There were murmurs of a possible no-limit lending rule by RBI, after solar developers and industry players met the MNRE in mid-September to discuss problems of land conversion by states, and delay in the mortgage/securitization process with lenders. Demands included a no-limit lending for renewable projects. Their hopes have, however, been dashed, after MNRE refused to support the move.
At present, solar rooftop projects are under PSL category, but the quantum of funding is restricted to Rs 15 crore (US$2.11 million).
Priority sector lending is aimed at providing institutional credit to those sectors and segments for which it is difficult to obtain credit. According to priority sector norms, scheduled commercial banks have to give 40% of their loans – measured in terms of Adjusted Net Bank Credit or ANBC – to the identified priority sectors, in accordance with the RBI regulations.
Financing woes have hindered the uptake of India’s renewable energy projects and inclusion of renewable energy in PSL has been a long-pending request from the industry.
Citing falling tariffs and power evacuation issues, Indian banking institutions are reluctant to fund renewable energy projects. With MNRE capping the solar tariff at Rs. 2.50 ($0.034)/unit, creditors have also raised questions about the viability of the projects.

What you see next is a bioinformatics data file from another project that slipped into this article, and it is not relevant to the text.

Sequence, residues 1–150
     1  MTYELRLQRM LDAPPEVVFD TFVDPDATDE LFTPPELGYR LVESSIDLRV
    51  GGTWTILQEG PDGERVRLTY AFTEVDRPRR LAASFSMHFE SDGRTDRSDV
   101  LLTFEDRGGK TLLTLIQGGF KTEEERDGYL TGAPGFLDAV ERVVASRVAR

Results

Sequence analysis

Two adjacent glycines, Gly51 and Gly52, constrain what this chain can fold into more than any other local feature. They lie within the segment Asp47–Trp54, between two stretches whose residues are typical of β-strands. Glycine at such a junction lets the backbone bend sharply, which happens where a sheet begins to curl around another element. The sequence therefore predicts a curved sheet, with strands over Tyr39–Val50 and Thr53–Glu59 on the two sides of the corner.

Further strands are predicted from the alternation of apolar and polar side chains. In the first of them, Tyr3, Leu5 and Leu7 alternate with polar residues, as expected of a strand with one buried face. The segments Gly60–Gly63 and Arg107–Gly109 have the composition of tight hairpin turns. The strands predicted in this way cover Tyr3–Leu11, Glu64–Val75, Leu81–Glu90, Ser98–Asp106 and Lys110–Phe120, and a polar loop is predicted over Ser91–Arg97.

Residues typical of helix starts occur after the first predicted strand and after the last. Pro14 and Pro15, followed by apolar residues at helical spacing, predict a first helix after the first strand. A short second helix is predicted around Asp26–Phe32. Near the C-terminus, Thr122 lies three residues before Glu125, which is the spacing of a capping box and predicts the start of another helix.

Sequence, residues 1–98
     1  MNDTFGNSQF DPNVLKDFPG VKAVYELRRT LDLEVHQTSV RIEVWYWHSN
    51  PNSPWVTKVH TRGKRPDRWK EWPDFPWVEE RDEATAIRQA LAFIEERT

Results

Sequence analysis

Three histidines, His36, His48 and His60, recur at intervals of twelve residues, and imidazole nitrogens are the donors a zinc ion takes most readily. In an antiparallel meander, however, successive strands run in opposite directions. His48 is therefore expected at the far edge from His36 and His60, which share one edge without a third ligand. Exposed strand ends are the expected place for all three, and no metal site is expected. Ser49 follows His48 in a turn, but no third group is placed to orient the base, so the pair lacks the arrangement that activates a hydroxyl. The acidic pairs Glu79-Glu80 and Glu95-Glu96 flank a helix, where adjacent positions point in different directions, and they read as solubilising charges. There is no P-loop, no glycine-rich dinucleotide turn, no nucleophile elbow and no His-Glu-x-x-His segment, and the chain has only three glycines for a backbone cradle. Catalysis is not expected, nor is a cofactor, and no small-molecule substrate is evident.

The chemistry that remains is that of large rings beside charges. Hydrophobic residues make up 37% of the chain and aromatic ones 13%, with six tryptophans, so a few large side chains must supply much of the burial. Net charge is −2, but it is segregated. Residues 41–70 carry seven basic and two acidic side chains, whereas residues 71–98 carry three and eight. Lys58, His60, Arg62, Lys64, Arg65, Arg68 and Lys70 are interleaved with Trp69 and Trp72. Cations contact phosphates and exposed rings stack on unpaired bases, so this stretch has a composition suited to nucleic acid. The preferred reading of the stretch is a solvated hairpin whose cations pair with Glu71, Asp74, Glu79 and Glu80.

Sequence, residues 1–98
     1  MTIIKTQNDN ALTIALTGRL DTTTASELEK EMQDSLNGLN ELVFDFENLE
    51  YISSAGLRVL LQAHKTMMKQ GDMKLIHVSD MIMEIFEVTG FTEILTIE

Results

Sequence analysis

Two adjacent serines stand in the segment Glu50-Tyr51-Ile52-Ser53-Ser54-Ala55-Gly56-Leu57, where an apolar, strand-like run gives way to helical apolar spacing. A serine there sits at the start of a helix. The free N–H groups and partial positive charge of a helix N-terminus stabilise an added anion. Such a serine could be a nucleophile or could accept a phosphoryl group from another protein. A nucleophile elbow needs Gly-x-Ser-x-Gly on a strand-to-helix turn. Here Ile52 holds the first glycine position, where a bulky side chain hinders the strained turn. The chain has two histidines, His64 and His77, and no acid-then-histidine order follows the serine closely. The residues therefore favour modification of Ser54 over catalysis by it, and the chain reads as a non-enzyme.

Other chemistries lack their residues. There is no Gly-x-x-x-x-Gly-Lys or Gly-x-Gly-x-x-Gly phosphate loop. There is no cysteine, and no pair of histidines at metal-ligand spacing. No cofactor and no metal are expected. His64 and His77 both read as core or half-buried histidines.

In a move to help banks meet PSL targets in a more organized manner, in August this year, the RBI had said that it would soon release guidelines on what it called co-origination of loans by banks and non-bank finance companies (NBFCs) for the priority sector.
Foreign loans are cheaper than those offered by local banks and financial institutions. However, even though the interest costs of foreign loans are lower, project developers have to hedge their foreign currency exposure.
In March 2018, Prime Minister Narendra Modi called for concessional financing and less-risky funds for solar projects to raise the share of solar power in the energy basket. “We have to provide concessional financing and less-risky funds for solar projects,” he said.
India has set a target of 175GW renewable energy by 2022, which includes 100 GW from solar, 60 GW from wind, 10 GW from bio-power and 5 GW from small hydro-power. While 71 GW has been installed to date, investments over $100 billion are required to install the remaining capacity by 2022.
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